Friday, 28 November 2008


There were quite a few modifications we made as we went along some of which I have already alluded to. Most involved what we saw as 'strengthening'. Hopefully we haven't made the boat too heavy or too stiff. I've listed some of them below in case they should be of any use to others.

Frame #2 : doubled in thickness as we felt that there would be enormous pressures in this area because of all the twists in stringers and planks.

Frame #6a : doubled in thickness - all that outboard vibration transmitted through this frame. Also added doublers on the port side to match the starboard side.

Transom & rudder: transom doubled in thickness ; added knees to strengthen the joint between the transom and the bottom board ; also decided we'd take the tiller over the top of the transom rather than through it due to concern over possible fouling with the outboard (It will involve an interesting laminated shape. The rudder design was altered with that in mind).

Bunkflats : greater framework support underneath to make the floor stiffer

Centreboard : added an aft uphaul and a front roller for the pulley uphaul (pulley attached to a larger and stronger mast step).

Side deck : added 9mm doublers underneath between each frame, including over the transom.

Foredeck : added a 9mm doubler at the 'bunkflat' end (for any belaying pins we might want to have).

So far we have enjoyed nearly every minute of the build project and we have a boat we can be proud of. We sincerely hope that the launch date will not be too far off, certainly by early spring 2009. See you there. It will be the River Severn at Upton upon Severn.

We are looking forward to trying out the yawl rig (it will be a first for both of us) and getting to know the boat in a variety of weather conditions. We'll probably do the first sailing trials on Lake Bala in North Wales before taking it out into coastal waters. See you there too!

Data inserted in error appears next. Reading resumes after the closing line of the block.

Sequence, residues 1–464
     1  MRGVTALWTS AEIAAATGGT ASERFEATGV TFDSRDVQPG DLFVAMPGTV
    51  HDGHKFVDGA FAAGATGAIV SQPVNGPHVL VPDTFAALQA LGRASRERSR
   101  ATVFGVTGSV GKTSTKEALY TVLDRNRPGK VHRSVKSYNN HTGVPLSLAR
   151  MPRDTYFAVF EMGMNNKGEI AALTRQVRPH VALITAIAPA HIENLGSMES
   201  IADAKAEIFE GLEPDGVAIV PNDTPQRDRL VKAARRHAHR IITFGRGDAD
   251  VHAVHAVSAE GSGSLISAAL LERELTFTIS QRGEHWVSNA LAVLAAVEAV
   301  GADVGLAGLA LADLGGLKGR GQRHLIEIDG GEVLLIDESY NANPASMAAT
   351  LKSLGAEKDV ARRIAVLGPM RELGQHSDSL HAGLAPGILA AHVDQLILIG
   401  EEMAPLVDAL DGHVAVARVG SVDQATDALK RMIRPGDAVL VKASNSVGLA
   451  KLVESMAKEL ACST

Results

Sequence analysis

Finally, a thankyou to John Welsford for a well thought out and lovely looking boat. We are going to enjoy it.

Paul & Anne, Alan & Sheila

plans on auto cad

Right at the outset of building we came across a few errors on the plans which caused us to wonder what was correct and what wasn't. We checked and double checked as we went along but perhaps it was our inexperience in boat building that was part of the problem or else our ability to read plans or a bit of both.

However, we needed to be re-assured without running to the JWforum every 5 minutes or endlessly e mailing John. There were other little things too. For example - when measuring distances say, between frames - was it the aft face, the forward face or the mid point ? Did the frame dimensions allow for bevels or were they the finished maximum size? Perhaps it didn't matter - a 'Backyard Boat Builder' ought to just get on with it.

Our real difficulties were the the centreboard fitting the centreboard case, the position of the yawl mast step and the exact position of the 'notch' in the stem girder. The last straw was when we had to cut off about 100mm off the centreboard to make it fit the already completed case.

Fortunately my brother in law Jeff took the plans away and put much of it on autocad for our personal benefit. He spent hours and hours doing it but what a difference! We could see the exact dimensions of every part and felt very reassured. It would have been good to have started with his drawings.

Thursday, 27 November 2008

final painting and naming the boat

Oct - Nov 2008 : Some of September and most of October was down time as far I was concerned. I had to "languish" in France for 6 weeks doing a couple of house sits in the Vosges and Bordeaux. Truly, its a hard life.

Whilst I had been away, Paul & Anne had done all the painting of the underneath and we were ready then for the final turn-over. It was the same easy turning over process as before, but now the boat rested on its skeg on thick foam Qtherm insulation pads at floor level.

Prior to final painting and turnover we added two additional 'bilge runners' to protect the bottom board near its junction with the lowest strake. These teak strips (1200mm long x 20mm wide x 25mm deep) were 'topped' with a 12mm half round brass strip. Time will tell if they prove any good or whether they cause too much drag. We had found them indispensible on our previous Shearwaters.

Finally we sikaflexed and screwed on a 3mm stainless steel band to the skeg from the stem u-bolt to the transom.

Now began the last 'painting' phase - we were ready to coat all the oak trim with Deks Olje D1 and D2. After that it would be adding all the fittings.

Some time previously we had come to a final conclusion over the name of the boat. My old boat had been called "The Idler" (possible a reference to my indolence) and Paul & Anne's boat had been called "Fiddler". Anne came up with the simple suggestion of amalgamating the two and so "Idle Fiddler" is the name it will be baptised with. Paul's sister Sarah is carving the name on a piece of oak.